I’ve always been rather “hypertextual” and I suspect I’m not the only one. Hart Crane seems to display a lot of those properties, as do most great writers (not that I’m classifying myself with them). My evil female twin, who I moved to Arkansas to be with (big pieces, too tightly wrapped into my personal mythology) was an artist with a taste for philosophy who usually had seven or eight books open around the house to different sections to clarify her primary reading at the time. I have worked the same way most of my life, reading at first a few things (and now dozens of things) at a time. I told myself I wasn’t going to do that this summer. I was going to read some novels, damn it. But I digress. When Weinberger did the “imagine having x books at your immediate disposal” I looked around the room and said, “but I already have that without my computer!”
Anyone who has read me for any length of time may have noticed my wandering ways; I started to read I.A. Richards. He mentioned some Coleridge I wasn’t familiar with, but since it was on my bookshelf I opted to pause and read it before finishing the book. His book reminded me of Ricoeur, which I had read, but I revisited the dozen or so pages that discuss Richards. I do that sort of reading all the time; it comes up a lot with classical references. When someone mentions a situation in a play or novel as context for a critical argument, I’ll often stop and read the work mentioned for the first time, or refresh my memory of it. I found myself strangely drawn to The Electronic Word: Democracy, Technology and the Arts by Richard Lanham tonight, which I’ve been meaning to read for some time (the theoretical books I want to read usually outnumber the novels at any given time).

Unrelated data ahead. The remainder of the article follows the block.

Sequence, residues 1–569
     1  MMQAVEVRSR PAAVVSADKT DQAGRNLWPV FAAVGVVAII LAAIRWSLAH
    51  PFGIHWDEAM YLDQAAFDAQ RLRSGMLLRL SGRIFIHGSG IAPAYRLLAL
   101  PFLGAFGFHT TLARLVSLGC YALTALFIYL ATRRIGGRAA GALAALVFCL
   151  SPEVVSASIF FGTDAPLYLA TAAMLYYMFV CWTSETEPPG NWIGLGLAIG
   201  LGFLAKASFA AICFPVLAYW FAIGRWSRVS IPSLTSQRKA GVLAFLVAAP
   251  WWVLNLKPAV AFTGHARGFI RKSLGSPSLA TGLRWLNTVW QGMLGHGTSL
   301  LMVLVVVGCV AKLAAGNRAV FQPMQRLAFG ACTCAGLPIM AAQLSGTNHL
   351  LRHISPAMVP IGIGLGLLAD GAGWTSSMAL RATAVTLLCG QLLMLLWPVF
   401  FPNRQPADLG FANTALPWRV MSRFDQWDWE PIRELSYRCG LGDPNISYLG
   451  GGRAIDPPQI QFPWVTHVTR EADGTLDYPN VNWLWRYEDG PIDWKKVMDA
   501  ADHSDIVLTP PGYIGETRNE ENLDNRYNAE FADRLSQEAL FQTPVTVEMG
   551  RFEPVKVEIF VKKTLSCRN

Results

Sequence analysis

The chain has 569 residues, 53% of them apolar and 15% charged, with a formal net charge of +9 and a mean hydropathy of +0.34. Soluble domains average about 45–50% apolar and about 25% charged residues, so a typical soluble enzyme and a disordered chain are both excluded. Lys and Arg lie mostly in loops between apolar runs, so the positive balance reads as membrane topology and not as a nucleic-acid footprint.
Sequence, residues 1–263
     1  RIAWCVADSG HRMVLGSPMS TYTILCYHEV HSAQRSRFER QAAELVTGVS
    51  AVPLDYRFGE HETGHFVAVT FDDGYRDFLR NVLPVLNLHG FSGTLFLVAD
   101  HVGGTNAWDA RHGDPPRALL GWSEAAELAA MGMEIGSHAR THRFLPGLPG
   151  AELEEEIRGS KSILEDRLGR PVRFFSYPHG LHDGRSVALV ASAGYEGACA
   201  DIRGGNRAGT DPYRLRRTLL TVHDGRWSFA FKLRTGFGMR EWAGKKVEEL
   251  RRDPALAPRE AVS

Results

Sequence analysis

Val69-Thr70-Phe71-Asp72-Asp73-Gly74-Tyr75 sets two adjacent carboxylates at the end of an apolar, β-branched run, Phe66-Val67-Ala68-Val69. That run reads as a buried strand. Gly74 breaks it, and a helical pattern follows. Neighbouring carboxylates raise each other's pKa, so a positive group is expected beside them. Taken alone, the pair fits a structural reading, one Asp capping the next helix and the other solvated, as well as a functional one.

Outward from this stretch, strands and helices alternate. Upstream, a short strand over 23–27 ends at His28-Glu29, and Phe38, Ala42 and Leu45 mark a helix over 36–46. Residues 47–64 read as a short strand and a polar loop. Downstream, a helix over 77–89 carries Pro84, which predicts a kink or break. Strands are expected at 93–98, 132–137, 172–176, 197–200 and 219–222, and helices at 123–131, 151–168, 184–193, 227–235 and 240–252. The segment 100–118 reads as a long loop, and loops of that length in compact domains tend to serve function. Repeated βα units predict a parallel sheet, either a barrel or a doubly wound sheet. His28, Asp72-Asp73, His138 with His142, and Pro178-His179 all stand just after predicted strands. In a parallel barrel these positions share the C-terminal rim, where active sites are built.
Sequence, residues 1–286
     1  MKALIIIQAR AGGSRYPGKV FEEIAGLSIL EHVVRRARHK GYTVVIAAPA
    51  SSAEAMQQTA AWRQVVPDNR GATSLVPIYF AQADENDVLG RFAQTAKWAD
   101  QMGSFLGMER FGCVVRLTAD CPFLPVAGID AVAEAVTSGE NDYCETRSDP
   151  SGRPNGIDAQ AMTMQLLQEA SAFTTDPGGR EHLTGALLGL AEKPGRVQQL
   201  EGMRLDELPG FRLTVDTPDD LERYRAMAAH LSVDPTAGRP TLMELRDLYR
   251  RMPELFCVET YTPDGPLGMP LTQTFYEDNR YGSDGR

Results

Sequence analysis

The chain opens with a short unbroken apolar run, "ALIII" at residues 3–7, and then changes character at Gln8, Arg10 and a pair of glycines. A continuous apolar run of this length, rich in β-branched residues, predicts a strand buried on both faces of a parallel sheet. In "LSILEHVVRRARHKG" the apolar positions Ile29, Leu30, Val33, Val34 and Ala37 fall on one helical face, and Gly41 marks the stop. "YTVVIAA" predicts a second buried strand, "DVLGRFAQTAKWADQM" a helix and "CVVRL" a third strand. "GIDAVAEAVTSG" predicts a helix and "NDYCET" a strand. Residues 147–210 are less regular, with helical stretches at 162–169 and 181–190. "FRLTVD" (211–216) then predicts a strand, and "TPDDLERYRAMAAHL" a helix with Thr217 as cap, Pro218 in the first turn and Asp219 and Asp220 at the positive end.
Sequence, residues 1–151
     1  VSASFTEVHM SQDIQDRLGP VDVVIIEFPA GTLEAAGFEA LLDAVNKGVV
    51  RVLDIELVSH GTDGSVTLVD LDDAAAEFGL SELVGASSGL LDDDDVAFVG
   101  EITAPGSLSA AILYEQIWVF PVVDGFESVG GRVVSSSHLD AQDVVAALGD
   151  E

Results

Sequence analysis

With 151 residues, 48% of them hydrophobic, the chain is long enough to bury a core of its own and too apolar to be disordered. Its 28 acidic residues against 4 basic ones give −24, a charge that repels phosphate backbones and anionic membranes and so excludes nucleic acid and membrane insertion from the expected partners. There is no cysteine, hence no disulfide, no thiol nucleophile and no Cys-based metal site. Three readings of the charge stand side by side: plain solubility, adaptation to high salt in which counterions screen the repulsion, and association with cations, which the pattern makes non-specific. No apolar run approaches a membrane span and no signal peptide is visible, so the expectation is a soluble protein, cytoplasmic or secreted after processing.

In the preface, Lanham claims (regarding the personal computer) that “a new expressive medium had emerged— but the demand for the medium had preceded the medium itself.” I do believe this is the case with hypertext. The demand for it is something that has been building up in literature for years (particularly Modernist literature) because it becomes impossible to always know what an author is alluding to without a lot of secondary research. As history grows longer, keeping up on all the “commonplaces” of the day, words that have shifted in meaning or have fallen out of use, requires a battery of dictionaries and other aids to keep these works fresh and relevant. With greater access to tools, the world becomes a more interesting place because nothing is out of our grasp when it comes to providing deeper contexts to the topic you wish to explore. What makes hypertext interesting to me is not its rupture with narrative form, but its sheer utility when it comes to matching how people actually read (here, there and everywhere).